My writing – going back to basics 3)

fantasy booksAt the risk of repeating myself I decided that a little help from an author than has sold millions of books world-wide couldn’t do any harm.  So I signed up for his masterclass and committed in my first blog on this subject to keep you posted as to how it goes and what I think of it.  So is it inspiring – yes it is.  Is it helping – yes.  Or at least I think it is.  It is certainly making me think about every aspect of my story telling.  Not so much perhaps the writing, but the story telling.

I think my writing is OK, actually I think my writing is pretty good (as an author you have to think that).  But the story telling?  It’s one thing having a good story and it’s another telling it in such a way as to engage the reader so they keep wanting to turn that next page, move on to that next chapter.  It’s also understanding more of what the audience for my books want to see.  To Illustrate:  The masterclass is by James Patterson (I’ve avoided using his name in the last couple of blogs), the thriller writer.  So I’ve read a couple of his books.  They are not my normal genre (I mainly read science fiction with a little historical fiction thrown in).  It’s something of a bonus that I’m really enjoying them and part of that is the way they’re written.  It would be hard not to.

Bottom line, they are enjoyable, fun books to read with short punchy chapters that bear out everything he’s telling you in the master class.  You plough through one and think that was fun, where’s the next (which is what you want if you’re trying to sell books).  I wouldn’t want to read them all the time, sometimes it’s good to have something a little more challenging.  However, in the past I have also read Le Carre’s, ‘Tinker, Taylor, soldier, spy’ – very good and much acclaimed.  However, maybe it’s just me, but I found it hard work.  So these days with so much more competition for readers, and especially if you are a self-published author trying to establish a following and have some commercial payback, it’s not difficult to see where you have to try and position yourself.

Young man readingSo now following his advice I’m setting about my latest story making shorter chapters that end in a way that makes you want to move on to the next one.  I’m trying to build in more questions that the reader has to have answered.  I’m trying to keep the suspense going, building in more twists without making it seemed contrived.  To use a phrase that he uses a number of times I’m trying to “raise the stakes” and thereby to use other phrases “build in a wow factor” and the “I didn’t see that coming” moments.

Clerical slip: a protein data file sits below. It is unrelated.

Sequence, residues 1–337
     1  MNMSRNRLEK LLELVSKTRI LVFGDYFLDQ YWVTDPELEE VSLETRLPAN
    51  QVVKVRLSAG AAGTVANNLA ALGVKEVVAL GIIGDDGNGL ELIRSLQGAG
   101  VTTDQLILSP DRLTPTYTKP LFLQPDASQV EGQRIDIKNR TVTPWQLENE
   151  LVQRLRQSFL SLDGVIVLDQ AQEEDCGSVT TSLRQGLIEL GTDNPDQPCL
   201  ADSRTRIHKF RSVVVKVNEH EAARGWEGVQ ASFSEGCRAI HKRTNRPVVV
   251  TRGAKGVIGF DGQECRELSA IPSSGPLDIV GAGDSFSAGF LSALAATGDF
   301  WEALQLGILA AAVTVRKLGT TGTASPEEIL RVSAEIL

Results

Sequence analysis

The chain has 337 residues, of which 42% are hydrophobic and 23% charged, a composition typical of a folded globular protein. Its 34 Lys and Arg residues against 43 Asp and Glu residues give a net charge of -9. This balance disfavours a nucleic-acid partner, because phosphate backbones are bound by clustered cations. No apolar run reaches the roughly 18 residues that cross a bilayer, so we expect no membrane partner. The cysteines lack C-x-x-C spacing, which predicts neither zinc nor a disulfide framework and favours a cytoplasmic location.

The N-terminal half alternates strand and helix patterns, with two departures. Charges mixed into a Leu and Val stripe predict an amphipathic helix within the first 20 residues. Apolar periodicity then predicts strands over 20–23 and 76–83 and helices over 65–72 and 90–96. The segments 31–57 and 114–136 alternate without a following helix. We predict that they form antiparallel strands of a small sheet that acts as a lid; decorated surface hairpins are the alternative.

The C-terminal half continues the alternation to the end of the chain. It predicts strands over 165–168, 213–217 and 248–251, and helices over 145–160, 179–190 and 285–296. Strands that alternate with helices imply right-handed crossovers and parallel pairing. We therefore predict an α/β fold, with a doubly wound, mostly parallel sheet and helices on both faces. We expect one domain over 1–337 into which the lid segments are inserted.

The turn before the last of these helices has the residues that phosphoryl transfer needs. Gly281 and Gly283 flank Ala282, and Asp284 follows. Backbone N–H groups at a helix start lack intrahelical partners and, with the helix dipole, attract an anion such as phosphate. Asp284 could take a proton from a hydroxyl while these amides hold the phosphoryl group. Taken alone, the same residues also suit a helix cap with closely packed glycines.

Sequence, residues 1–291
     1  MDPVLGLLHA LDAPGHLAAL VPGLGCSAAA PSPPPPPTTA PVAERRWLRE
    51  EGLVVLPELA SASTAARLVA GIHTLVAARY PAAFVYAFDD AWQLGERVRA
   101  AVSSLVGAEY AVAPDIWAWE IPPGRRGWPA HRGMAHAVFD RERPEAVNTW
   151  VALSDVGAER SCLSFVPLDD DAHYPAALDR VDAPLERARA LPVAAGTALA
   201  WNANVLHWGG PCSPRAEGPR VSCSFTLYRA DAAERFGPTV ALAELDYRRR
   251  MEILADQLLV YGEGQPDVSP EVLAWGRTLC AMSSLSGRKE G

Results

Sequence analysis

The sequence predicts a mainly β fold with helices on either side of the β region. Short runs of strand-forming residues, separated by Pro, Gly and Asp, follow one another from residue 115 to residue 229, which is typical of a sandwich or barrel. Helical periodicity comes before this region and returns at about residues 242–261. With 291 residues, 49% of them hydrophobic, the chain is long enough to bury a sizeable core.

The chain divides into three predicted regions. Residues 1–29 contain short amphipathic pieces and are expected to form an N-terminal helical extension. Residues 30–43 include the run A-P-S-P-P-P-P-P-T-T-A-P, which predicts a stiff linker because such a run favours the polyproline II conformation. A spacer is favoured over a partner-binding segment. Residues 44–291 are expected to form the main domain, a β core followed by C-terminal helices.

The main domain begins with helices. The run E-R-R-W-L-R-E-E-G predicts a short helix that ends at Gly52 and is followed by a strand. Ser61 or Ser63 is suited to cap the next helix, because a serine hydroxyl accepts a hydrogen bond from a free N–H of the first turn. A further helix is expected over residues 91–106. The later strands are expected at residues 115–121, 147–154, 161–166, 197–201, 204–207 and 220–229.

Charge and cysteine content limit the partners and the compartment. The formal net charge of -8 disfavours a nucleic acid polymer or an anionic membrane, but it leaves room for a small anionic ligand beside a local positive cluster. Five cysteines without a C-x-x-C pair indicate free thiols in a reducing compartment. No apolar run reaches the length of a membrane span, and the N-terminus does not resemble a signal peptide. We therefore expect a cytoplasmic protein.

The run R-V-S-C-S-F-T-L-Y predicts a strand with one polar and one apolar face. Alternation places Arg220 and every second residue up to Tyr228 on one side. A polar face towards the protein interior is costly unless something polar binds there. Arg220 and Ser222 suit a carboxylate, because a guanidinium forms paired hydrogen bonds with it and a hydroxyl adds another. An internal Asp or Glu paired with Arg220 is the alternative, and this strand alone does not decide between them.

I’m also looking more critically at my characters.  I’m questioning my books opening lines and paragraphs, does it grab you, make you want to read on?  As a self-published author it is easy to lose readers before they’ve finished the first page.  I know I’ve done it myself, read the first few paragraphs on Amazon and decided it’s not for me.

On a personally positive note – at the writing group I attend, this week someone who had read my latest book, Bleak – The story of a shape shifter, said they had really enjoyed my book, thought it a good story well written.  As a self-published author those are the sort of comments that keep you going.  So maybe, with the help of James Patterson and his Master Class I might be able to persuade more people to carry on past that first, line, paragraph, page, to take chance and buy the book.

As always thoughts and comments are welcome.

Ian Martyn

Author: Ian Martyn

Science Fiction Writer

4 thoughts on “My writing – going back to basics 3)”

  1. At the end of the day, I think it’s all down to the gift, that you either possess or you don’t – can you write sentences that make people want to keep reading them, or can’t you? You can help it on by knowing about suspense building, etc… yes, I think you can learn this not only from reading, but also from watching good television. And, if you’ve written a good one, by understanding how to make it appeal to readers. Amazon visibility is all – and intelligent marketing :). I’ve come across several great books that aren’t selling at all, and damn well should be. Try building relationships with book bloggers.

    1. Thanks for the comment. I know that something like this is not ‘the answer’, although I do think his insights into what makes commercial fiction work are interesting. As for the marketing at the moment I’m at best a D-, must try harder.

  2. I have always been a story-teller, since I could talk. If we drove past the woods, I could tell you about the family of bears there and how many people they devoured. I didn’t start writing books as an author until 2011. I never once sat down and wrote a story line or drafted chapters so I could see where it was going and in so doing, would sometimes get lost and off the beaten path. I’m going to give your new method a try now. This will be something very new for me, but who knows, it may help me to write a great book. Thank you for your posts. I look forward to trying this 🙂

    1. Theresa – thank for both comments. I wasn’t a planner either and there have been times I have come to halt and then had to do some planning and as I’ve said most recently I have written my self into a corner. If you have $90 to spare, try James Patterson’s masterclass, this is ‘his method’ as much as it is anyone’s and he takes you through it in some detail and much more besides of course.

If you have a view on this, let me know: